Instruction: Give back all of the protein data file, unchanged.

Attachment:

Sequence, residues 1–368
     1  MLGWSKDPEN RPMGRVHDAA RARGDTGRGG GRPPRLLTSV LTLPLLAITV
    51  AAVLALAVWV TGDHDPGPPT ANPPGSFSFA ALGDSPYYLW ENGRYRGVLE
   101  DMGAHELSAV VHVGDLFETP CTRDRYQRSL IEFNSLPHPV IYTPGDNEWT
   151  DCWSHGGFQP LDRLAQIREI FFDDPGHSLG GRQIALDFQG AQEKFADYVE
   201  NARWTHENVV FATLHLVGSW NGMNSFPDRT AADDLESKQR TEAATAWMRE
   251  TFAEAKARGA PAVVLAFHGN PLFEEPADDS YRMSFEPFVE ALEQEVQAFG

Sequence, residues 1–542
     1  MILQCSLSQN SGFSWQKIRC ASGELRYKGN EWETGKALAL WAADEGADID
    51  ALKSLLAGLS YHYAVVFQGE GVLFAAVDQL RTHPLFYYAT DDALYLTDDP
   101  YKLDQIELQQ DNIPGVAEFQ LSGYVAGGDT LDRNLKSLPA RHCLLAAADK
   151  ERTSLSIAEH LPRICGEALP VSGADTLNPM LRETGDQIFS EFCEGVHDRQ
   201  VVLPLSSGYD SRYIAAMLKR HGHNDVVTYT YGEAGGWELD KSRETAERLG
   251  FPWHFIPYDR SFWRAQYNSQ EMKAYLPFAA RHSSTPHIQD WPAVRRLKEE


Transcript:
Sequence, residues 1–368
     1  MLGWSKDPEN RPMGRVHDAA RARGDTGRGG GRPPRLLTSV LTLPLLAITV
    51  AAVLALAVWV TGDHDPGPPT ANPPGSFSFA ALGDSPYYLW ENGRYRGVLE
   101  DMGAHELSAV VHVGDLFETP CTRDRYQRSL IEFNSLPHPV IYTPGDNEWT
   151  DCWSHGGFQP LDRLAQIREI FFDDPGHSLG GRQIALDFQG AQEKFADYVE
   201  NARWTHENVV FATLHLVGSW NGMNSFPDRT AADDLESKQR TEAATAWMRE
   251  TFAEAKARGA PAVVLAFHGN PLFEEPADDS YRMSFEPFVE ALEQEVQAFG

Sequence, residues 1–542
     1  MILQCSLSQN SGFSWQKIRC ASGELRYKGN EWETGKALAL WAADEGADID
    51  ALKSLLAGLS YHYAVVFQGE GVLFAAVDQL RTHPLFYYAT DDALYLTDDP
   101  YKLDQIELQQ DNIPGVAEFQ LSGYVAGGDT LDRNLKSLPA RHCLLAAADK
   151  ERTSLSIAEH LPRICGEALP VSGADTLNPM LRETGDQIFS EFCEGVHDRQ
   201  VVLPLSSGYD SRYIAAMLKR HGHNDVVTYT YGEAGGWELD KSRETAERLG
   251  FPWHFIPYDR SFWRAQYNSQ EMKAYLPFAA RHSSTPHIQD WPAVRRLKEE